We’re over a month into the season now. In the grand scheme of the 162-game season, it’s miniscule. However, a team’s start can be defining in the season and create concerns that can last the whole year if they aren’t fixable. These are teams that may comfort themselves in knowing that there’s still a lot of baseball to be played, but there could potentially be some glaring problems that could derail their season if they don’t get it fixed fast.

Boston Red Sox

The Boston Red Sox in 2021 were two games shy of winning the American League last season after seemingly everything went right for them. The pitching, which was originally thought to be their weakness, was stellar, they got a lot of production out of role-playing bats like Kike Hernandez, Alex Verdugo, and Christian Vasquez, while their superstars did what was expected of them in manager Alex Cora’s first year back from leave. After an offseason where they acquired veteran pitchers along with Trevor Story, one of the marquee shortstops in baseball, they were expected to continue that pace despite an incredibly talented division.

It’s been a nightmare year thus far.

They have a worse record than the Baltimore Orioles at 13-21, Trevor Story has struck out in 38% of his at-bats at the time this is being written, and he only has one home run. While he will need some time to adjust to a new league and play a new defensive position at second base, we’re over a month in- it’s about time he gets the show on the road, and it isn’t as if Fenway is a drastic pitchers’ park as opposed to his old stomping grounds in Colorado. Outside of Devers, JD Martinez, and Bogaerts, everyone in the lineup has been atrocious and has batted below the .250 threshold. 

Now, one could argue that they’ve played tight games and lost in some brutal, unlucky outcomes- they played in 10 one-run games and lost 7 of them to start the year, a start to the year this rough with more injury issues going on with ace Chris Sale essentially means that they’ll need a 2019 Washington Nationals-esque run in order to have a chance and rebound. It’s concerning.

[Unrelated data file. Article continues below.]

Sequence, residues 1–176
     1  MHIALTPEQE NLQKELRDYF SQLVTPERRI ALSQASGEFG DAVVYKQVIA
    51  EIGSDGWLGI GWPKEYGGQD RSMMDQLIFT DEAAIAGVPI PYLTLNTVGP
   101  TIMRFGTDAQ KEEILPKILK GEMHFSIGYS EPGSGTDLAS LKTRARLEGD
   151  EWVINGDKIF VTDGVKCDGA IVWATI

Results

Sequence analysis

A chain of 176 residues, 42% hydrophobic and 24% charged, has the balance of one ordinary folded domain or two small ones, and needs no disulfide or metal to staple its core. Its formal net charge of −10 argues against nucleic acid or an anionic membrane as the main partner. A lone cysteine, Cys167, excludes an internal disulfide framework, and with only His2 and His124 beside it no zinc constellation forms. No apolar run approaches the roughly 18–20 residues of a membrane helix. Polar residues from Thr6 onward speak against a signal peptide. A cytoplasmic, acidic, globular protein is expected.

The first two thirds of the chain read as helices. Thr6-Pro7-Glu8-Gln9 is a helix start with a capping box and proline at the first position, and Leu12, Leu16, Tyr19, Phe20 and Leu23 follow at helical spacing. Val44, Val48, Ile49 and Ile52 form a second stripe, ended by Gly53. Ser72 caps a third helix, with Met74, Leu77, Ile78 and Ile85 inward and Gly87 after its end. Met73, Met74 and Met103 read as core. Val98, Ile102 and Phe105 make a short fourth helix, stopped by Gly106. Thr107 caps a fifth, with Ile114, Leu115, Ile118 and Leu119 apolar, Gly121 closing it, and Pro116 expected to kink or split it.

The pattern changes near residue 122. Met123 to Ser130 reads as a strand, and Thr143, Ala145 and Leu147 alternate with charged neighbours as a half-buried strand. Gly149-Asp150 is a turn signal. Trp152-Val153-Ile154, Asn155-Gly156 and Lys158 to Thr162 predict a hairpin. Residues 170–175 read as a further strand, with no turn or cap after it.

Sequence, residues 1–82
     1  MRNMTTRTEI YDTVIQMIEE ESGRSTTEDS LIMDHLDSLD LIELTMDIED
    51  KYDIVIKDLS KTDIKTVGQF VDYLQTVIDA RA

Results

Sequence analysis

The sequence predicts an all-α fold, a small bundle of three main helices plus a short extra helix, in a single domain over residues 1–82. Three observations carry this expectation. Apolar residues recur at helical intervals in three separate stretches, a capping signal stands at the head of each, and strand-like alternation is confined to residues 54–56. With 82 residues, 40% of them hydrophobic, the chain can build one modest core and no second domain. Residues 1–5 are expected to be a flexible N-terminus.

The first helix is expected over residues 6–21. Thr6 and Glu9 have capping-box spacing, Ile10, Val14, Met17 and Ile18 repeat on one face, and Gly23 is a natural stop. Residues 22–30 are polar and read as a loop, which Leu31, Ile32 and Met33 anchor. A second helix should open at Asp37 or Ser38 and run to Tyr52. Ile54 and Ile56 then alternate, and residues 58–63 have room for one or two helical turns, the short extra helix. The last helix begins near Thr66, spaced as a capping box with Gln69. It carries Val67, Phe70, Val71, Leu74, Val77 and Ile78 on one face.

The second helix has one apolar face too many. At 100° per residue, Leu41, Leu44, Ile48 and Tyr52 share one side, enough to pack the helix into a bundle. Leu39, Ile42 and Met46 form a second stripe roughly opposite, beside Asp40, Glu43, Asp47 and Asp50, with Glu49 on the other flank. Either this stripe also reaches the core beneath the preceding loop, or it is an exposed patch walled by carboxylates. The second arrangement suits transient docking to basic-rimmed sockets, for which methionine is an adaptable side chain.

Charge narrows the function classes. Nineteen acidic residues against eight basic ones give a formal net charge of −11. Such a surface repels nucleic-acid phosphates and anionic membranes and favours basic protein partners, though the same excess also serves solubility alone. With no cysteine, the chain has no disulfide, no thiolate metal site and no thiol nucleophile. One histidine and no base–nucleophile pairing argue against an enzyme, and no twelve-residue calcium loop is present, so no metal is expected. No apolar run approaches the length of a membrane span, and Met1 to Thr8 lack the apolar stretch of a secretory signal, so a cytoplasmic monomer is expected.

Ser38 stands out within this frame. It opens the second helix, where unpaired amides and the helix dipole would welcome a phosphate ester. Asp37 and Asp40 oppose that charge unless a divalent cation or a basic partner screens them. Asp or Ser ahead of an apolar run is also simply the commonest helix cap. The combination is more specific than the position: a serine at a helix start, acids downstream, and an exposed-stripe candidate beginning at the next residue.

Seattle Mariners

The Mariners spent big this offseason and were supposed to be America’s Team this year! They have the longest postseason drought in the four major sports, and after getting dangerously close to making the wild card last year, their offseason acquisitions of Cy Young-Winner Robbie Ray, trading for Eugenio Suarez, Adam Frazier, and Jesse Winker, and calling up top prospect Julio Rodriguez, this was supposed to be the year.

They haven’t been atrocious by any means, but they’ve significantly under-performed and lost games that have been easily winnable, and are a rough 16-19 to start the year. That doesn’t bode well in a division where the Angels have their mojo for what looks like the first time ever, and the Houston Astros are still one of the most-consistent winning franchises in baseball. Suarez is batting .202, Winker is batting .204, top prospect Jarred Kelenic is a brutal .140 and now in the minors, and Robbie Ray and Chris Flexen both have ERAs above 4.20.

Kelenic may have to figure some things out as he’s sent down and Kyle Lewis continues to rehab his injury, and they very well could have another trade move in the cards to try and compete, but there needs to be some urgency in Seattle to get back on track.

Philadelphia Phillies

Are we going to get reigning NL MVP into the postseason any time soon, Philadelphia?

Next to the Mariners, Philadelphia has the longest playoff drought in baseball, and Bryce Harper took less money in 2019 to stay and win there for the 13 years on his deal. They’ve fallen prey to terrible

Photo: Derik Hamilton / AP